Friday Feature: Interview with Lee Murray
Each week, the editors of Jenny Magazine sit down with either fellow literary magazine editors or past Jenny contributors for short interviews. This week’s interview is with Lee Murray, a past contributor of Jenny Magazine.
Describe your first publication. Where was it, when, and what was the piece about? How old were you at the time and how did it feel?
“I’m the Best Hollow Core Door Installer in England, and I’ll Bloody Fight Anyone Who Says I Ain’t” was the first thing I ever had published. I was 31 years old, and I’d just returned to school after 15 years away. The piece is about moving to America, returning to school, and starting over. I start over a lot. Going back to school and writing is the first time I’ve really managed to stick with something and have some success. It felt amazing to see my work on the site. Validating.
My wife is an incredible writer. She taught composition at YSU, completed her MFA in creative writing in the NEOMFA program, and is now a professional copywriter. When The Jenny ran my story it gave us more common ground, and made us a little closer because we both could talk about writing, something I had never done before. After The Jenny, I managed to get a bunch of other stuff published and I’m unashamedly proud of those bylines.
My son Henry was born the night of the reading, so I missed it. Dr. Steve Reese read the piece for me. I wish I’d been there, but I’m also quite glad that I didn’t have to stand up in front of proper writers with actual pedigree and ability and show them my self-indulgent piece. Good timing, Henry.
What inspired your piece in the Jenny?
It was a personal essay for English 1550. The prompt was to write about an object that represented work. My most recent job title in England was “door installer,” so I wrote about my router, a tool I used every day installing doors.
What got you into writing?
I watched my wife Annie write her thesis. She would read every paragraph of it to me two or three times as she revised it, and I heard how she changed and manipulated sentences to make them better. I really learned to appreciate writing as both an art form and a learned skill by watching her bring her wonderful memoir to life. In English 1551, Dr. Kevin Ball read my draft of what became the Jenny piece and gave me very kind and very supportive feedback. It was the first thing I’d written since 1996, when I was still at school, and the first nonfiction I’d ever written. I got lucky with my prof. He really pushed me to revise it and make it better and submit it to The Jenny.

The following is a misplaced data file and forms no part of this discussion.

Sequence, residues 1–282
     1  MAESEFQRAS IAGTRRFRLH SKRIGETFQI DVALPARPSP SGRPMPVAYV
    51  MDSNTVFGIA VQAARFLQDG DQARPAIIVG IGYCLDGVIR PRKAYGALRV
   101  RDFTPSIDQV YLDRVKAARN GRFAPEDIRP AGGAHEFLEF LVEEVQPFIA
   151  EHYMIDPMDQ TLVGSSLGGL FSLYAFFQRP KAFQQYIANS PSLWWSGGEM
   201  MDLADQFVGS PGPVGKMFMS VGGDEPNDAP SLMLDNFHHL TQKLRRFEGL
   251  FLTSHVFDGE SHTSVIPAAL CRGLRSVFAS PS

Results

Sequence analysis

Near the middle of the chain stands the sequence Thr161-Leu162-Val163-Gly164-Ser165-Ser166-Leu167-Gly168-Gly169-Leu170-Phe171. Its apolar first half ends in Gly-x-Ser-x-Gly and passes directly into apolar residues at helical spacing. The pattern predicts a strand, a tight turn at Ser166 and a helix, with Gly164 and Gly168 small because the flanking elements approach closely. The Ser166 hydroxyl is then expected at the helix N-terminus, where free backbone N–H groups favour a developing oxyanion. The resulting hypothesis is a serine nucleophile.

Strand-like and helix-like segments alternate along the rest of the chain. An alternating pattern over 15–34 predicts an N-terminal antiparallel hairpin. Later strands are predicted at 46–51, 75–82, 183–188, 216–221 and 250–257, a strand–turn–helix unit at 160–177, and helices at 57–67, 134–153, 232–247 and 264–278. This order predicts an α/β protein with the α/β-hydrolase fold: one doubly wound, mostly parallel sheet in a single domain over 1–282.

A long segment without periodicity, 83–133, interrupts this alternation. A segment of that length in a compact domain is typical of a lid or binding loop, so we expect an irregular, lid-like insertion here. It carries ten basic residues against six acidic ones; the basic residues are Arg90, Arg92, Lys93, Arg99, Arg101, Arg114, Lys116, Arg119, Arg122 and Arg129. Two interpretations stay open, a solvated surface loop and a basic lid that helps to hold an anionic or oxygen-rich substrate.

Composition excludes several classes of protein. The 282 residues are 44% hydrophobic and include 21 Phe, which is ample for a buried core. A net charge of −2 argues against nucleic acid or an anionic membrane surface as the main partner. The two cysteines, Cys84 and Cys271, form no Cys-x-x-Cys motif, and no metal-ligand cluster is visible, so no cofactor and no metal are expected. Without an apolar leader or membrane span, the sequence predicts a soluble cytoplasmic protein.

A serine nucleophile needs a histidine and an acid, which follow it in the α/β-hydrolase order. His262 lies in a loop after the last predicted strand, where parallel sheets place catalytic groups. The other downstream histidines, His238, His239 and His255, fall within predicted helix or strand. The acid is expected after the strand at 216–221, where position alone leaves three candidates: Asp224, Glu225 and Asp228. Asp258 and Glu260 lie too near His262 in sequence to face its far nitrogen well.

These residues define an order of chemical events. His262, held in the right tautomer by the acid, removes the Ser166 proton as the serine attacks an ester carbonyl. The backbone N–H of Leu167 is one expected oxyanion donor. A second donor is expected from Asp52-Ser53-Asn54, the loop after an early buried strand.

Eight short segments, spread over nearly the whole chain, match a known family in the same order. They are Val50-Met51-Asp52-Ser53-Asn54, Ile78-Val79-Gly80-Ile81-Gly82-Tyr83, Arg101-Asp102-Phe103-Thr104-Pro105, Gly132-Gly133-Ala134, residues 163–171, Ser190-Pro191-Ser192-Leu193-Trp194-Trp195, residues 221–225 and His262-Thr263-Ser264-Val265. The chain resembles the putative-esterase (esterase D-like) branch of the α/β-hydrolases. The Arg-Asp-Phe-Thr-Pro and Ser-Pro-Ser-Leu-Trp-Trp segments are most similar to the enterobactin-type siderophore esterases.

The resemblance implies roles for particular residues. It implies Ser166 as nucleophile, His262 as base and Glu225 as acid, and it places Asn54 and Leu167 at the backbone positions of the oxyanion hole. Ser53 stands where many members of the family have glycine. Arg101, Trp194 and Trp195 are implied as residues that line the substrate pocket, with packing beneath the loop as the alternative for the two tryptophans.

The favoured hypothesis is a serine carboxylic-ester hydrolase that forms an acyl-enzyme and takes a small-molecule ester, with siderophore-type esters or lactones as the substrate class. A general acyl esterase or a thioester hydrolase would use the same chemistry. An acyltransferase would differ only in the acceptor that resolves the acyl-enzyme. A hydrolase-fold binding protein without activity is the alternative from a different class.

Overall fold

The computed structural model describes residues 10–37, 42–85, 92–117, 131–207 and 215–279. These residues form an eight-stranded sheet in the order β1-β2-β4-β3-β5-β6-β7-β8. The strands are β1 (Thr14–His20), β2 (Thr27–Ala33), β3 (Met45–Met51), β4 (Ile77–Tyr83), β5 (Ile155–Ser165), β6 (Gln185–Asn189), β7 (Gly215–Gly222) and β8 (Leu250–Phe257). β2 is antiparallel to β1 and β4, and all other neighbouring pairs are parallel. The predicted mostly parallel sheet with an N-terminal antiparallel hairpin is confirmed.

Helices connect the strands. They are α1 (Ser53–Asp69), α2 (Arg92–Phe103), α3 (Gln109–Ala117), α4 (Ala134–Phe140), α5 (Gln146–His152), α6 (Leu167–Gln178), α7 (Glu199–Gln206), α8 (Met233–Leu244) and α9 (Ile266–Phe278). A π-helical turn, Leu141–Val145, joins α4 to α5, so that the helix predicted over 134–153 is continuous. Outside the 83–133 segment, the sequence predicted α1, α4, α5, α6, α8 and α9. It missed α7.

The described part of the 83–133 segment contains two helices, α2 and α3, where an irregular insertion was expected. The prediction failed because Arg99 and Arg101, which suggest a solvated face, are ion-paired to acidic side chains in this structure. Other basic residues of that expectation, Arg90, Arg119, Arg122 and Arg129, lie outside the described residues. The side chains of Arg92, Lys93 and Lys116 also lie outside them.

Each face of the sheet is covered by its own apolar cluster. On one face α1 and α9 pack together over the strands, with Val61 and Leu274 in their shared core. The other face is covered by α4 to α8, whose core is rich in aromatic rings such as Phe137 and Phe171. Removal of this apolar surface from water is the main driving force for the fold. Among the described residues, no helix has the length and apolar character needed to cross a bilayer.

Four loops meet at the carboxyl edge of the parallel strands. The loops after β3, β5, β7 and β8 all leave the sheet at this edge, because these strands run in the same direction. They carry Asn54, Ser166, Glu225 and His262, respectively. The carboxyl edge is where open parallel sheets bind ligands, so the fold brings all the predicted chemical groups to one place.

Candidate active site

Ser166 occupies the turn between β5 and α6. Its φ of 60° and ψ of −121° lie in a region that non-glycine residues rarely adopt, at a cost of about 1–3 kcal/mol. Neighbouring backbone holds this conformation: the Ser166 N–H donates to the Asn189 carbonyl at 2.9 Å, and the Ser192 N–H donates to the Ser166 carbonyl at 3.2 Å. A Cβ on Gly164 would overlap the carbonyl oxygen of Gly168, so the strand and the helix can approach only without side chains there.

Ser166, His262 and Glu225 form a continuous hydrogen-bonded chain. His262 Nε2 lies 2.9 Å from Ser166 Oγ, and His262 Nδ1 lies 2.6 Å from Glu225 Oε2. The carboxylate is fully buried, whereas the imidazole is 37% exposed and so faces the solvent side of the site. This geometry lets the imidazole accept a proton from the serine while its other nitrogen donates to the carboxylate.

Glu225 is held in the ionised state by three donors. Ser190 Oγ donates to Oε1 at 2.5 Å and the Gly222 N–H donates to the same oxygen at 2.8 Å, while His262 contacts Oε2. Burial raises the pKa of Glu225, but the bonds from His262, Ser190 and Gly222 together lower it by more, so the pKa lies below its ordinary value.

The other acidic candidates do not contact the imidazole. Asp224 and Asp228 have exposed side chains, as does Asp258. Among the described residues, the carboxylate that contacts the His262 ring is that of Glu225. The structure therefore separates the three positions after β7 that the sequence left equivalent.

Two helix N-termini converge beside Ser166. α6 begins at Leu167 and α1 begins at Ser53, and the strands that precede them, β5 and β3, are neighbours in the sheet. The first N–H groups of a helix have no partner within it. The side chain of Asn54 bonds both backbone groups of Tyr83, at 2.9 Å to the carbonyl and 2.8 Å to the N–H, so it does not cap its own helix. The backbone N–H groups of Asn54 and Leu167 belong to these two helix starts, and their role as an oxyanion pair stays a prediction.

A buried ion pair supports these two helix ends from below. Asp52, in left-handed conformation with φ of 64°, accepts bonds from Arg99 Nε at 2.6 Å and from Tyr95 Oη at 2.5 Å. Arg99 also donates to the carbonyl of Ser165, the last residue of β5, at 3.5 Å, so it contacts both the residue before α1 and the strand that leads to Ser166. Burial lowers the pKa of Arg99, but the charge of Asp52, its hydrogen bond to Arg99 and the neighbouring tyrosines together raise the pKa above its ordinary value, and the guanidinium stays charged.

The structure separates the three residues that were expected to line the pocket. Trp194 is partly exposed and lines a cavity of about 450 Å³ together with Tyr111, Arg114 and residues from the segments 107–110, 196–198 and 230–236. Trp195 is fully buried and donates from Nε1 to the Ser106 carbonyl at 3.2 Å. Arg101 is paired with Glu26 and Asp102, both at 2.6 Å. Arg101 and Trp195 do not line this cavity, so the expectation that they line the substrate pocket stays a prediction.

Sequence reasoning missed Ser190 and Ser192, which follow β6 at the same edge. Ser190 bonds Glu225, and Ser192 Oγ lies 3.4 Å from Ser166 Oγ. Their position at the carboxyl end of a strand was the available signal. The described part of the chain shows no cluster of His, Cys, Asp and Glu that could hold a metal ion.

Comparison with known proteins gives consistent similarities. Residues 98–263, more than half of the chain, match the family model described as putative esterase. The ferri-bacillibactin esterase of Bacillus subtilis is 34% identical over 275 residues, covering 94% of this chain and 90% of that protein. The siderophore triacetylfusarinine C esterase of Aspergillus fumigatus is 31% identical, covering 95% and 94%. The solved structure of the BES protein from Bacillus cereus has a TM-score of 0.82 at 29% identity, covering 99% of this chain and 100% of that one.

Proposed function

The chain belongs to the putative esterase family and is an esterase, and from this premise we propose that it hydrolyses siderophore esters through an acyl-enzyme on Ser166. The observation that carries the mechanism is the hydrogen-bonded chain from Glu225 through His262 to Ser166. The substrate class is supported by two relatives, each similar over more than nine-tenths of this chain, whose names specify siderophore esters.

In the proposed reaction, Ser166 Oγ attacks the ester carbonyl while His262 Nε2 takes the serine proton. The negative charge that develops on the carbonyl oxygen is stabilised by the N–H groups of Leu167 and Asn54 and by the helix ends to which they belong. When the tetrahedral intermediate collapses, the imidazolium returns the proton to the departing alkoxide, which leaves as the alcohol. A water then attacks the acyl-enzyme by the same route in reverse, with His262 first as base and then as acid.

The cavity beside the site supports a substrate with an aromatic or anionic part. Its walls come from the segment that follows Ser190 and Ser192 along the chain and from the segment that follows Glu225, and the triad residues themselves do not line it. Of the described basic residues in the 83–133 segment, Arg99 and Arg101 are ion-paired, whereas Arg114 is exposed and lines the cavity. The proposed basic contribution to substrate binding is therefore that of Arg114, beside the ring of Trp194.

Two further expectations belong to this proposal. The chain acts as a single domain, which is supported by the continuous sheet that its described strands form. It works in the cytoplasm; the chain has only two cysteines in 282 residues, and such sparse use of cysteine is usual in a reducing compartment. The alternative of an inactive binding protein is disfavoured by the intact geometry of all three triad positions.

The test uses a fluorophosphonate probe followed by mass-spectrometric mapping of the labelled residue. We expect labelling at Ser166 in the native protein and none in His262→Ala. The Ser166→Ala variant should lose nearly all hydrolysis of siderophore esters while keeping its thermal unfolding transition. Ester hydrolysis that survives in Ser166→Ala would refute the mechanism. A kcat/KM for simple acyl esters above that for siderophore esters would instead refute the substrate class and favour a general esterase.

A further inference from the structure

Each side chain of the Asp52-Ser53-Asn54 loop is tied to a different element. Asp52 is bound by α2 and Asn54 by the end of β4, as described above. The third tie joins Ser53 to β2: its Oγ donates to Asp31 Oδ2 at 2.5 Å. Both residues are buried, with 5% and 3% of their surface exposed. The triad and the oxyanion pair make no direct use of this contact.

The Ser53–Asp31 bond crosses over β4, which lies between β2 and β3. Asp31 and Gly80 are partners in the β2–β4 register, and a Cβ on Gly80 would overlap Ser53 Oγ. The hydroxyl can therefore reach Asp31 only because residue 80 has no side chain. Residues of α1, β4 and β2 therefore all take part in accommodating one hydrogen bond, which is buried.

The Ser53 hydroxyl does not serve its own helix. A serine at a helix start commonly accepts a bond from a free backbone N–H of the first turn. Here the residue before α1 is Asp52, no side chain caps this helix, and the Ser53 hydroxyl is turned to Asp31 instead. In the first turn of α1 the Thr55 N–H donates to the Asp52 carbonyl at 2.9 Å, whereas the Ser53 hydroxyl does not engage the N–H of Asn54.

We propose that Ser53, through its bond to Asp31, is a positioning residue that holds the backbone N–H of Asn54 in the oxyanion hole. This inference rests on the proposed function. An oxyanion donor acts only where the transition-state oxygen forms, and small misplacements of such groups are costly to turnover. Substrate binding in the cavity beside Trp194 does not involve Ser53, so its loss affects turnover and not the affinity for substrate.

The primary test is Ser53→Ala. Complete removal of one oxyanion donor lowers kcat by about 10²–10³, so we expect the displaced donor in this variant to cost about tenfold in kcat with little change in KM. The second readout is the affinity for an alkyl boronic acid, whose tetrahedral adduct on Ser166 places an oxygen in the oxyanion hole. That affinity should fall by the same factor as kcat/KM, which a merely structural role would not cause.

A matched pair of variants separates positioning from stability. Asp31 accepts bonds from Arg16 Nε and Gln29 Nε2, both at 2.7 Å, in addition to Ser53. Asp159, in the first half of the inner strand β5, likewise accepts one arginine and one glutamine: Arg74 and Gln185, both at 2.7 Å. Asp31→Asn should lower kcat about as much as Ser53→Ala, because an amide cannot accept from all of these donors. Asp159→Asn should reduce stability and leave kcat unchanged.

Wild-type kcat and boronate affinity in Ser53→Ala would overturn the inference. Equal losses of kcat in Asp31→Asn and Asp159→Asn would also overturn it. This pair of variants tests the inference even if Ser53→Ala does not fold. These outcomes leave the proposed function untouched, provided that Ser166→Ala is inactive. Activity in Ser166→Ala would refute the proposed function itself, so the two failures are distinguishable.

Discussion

What do you like writing the most? Is there a certain style you prefer?
I really don’t write for fun at all. I prefer to write in an academic style, or a dry, professional style because I can work well with those voices. I have a knack for sounding authoritative and direct, which is interesting because in person I’m placid and bumbling.
What are your influences? Who are your favorite writers?
I’m not really sure who influences my writing. I do have some favorites though.
Anis Mojgani is an incredible poet, and his writing makes my heart heavy nearly every time I read it or listen to it.
My favorite writer is probably Charlie Brooker. He’s a columnist for The Guardian. He’s cutting and satirical and vitriolic and smart and aggressive. But he rarely tackles subjects more controversial than celebrities and TV commercials. Just a brilliant writer.